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Walt Whitman to Peter Doyle, 1 May [1874]

 loc.01631.001.jpg 1874 Dear Pete,

I have been out halting around for a walk, as it is quite pleasant today—But I believe I have overdone the matter, as I have a pretty bad feeling the last hour or two both in the head & left side,—& as I sit here writing,—So your limited express seems to be a real success—if it keeps up as well as it has begun I have no doubt it will increase, & be patronised, & become a permanent institution—(I had got the idea, somehow, at first, that the same crew went through from Wash.​ to New York, & so was  loc.01631.002.jpgsome in hopes of seeing you in Philadelphia)—

No change in my condition or prospects—the young man, Walter Godey, still works as my substitute in the Solicitor's office—I havn't had any word from Eldridge in two months, nor from Mrs. O'Connor in some time—(have you been up there?) Do you see Hinton or Tasistro?—My sister has just called me to my dinner—so I will close for this time.

Your old Walt

Peter Doyle (1843–1907) was one of Walt Whitman's closest comrades and lovers, and their friendship spanned nearly thirty years. The two met in 1865 when the twenty-one-year-old Doyle was a conductor in the horsecar where the forty-five-year-old Whitman was a passenger. Despite his status as a veteran of the Confederate Army, Doyle's uneducated, youthful nature appealed to Whitman. Although Whitman's stroke in 1873 and subsequent move from Washington to Camden limited the time the two could spend together, their relationship rekindled in the mid-1880s after Doyle moved to Philadelphia and visited nearby Camden frequently. After Whitman's death, Doyle permitted Richard Maurice Bucke to publish the letters Whitman had sent him. For more on Doyle and his relationship with Whitman, see Martin G. Murray, "Doyle, Peter," Walt Whitman: An Encyclopedia, ed. J.R. LeMaster and Donald D. Kummings (New York: Garland Publishing, 1998).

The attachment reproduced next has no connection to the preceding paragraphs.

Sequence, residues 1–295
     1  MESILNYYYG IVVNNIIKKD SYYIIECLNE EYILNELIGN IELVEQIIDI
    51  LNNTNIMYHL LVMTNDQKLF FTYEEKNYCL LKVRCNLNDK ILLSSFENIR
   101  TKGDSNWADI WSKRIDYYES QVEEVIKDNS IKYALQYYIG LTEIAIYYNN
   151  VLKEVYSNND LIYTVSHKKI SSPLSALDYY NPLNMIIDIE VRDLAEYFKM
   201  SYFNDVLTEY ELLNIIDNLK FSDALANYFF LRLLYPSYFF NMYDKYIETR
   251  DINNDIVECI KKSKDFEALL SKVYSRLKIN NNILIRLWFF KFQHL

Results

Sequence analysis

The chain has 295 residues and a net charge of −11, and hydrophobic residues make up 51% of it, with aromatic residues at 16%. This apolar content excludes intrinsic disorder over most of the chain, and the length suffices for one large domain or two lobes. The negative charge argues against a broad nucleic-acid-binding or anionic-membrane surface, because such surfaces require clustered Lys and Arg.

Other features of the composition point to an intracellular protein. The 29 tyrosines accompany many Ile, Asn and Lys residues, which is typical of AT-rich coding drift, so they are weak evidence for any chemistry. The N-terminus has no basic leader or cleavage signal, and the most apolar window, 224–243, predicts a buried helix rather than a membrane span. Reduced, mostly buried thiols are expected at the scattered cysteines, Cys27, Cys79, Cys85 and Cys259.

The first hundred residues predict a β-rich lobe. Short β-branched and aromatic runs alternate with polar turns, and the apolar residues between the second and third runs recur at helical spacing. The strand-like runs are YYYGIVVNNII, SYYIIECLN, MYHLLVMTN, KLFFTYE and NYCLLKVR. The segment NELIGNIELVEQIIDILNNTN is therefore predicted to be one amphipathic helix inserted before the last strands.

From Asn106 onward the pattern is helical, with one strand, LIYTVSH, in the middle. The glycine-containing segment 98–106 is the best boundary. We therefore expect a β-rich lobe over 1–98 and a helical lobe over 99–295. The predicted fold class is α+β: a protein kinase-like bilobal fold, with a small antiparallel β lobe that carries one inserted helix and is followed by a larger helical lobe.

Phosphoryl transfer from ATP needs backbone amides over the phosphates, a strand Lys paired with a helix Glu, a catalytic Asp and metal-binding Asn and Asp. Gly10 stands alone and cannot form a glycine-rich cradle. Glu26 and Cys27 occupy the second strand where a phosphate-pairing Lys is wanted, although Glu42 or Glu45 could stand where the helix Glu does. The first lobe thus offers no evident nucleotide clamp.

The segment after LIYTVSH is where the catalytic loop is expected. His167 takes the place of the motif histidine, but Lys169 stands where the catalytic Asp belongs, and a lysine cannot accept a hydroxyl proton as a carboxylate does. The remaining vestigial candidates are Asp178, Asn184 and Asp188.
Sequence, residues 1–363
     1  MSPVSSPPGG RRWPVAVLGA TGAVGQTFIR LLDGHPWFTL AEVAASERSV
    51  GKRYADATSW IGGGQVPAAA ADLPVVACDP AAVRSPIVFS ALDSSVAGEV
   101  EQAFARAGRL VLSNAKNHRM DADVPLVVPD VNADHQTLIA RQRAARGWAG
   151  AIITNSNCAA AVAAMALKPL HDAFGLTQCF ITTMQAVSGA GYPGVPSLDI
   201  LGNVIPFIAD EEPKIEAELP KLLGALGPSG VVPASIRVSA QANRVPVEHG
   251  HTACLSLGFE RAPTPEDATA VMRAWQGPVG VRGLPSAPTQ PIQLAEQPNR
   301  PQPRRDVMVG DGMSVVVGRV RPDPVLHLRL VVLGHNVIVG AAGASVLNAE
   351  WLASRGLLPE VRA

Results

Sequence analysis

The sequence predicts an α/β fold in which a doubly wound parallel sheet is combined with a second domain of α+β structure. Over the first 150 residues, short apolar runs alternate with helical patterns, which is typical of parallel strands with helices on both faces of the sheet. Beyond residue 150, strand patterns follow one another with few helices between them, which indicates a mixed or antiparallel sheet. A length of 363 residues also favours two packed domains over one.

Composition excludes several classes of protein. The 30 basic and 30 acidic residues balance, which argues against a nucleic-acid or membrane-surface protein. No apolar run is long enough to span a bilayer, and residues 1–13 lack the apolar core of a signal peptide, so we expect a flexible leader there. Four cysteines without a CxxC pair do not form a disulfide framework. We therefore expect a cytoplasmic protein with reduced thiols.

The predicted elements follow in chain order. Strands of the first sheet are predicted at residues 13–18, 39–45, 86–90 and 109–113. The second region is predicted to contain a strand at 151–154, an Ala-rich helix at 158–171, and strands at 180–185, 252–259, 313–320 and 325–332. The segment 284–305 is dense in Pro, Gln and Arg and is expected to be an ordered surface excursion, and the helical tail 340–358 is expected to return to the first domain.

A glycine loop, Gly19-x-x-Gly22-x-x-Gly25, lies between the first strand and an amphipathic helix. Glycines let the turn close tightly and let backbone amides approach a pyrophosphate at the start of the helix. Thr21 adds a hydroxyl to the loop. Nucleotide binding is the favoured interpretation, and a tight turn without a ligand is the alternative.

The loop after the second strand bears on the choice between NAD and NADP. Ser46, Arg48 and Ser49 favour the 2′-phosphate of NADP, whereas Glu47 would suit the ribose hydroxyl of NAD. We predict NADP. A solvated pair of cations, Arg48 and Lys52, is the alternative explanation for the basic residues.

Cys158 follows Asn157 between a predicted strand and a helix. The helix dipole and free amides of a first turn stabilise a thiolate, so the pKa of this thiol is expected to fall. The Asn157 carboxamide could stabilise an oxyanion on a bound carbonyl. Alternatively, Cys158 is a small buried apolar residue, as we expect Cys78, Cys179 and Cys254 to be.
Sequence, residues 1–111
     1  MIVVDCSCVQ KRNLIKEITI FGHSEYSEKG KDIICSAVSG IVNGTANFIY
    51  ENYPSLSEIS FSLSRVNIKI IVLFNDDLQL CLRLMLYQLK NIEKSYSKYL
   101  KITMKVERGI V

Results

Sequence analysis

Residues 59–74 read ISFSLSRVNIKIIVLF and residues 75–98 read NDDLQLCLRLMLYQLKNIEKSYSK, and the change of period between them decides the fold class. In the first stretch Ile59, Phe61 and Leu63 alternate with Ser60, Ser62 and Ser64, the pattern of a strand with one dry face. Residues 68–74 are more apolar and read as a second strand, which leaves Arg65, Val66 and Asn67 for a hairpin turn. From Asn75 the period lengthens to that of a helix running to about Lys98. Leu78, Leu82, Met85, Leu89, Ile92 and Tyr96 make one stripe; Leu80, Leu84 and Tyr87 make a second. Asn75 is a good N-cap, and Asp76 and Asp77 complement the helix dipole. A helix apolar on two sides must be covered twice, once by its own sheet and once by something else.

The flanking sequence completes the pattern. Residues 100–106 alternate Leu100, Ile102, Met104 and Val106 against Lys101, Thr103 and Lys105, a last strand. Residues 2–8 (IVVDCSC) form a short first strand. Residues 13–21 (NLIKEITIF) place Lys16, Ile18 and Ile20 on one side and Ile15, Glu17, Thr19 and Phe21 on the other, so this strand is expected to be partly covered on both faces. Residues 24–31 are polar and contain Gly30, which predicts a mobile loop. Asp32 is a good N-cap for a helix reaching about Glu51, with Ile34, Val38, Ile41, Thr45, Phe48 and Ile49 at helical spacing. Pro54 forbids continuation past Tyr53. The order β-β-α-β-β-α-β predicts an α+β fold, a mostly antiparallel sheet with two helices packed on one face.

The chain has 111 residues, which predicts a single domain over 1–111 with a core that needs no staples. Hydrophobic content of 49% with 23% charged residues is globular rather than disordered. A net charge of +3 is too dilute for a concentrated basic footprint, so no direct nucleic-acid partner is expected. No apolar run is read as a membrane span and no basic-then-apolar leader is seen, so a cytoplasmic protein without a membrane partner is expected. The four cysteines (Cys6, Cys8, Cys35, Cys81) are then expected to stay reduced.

• 1. This and the letter from Whitman to Ellen M. O'Connor of May 1, 1874, were obviously written on the same day. The allusion to the Ashtons, who had recently lost a child (see the letter from Whitman to Doyle of April 10, 1874), conclusively establishes the year. [back]
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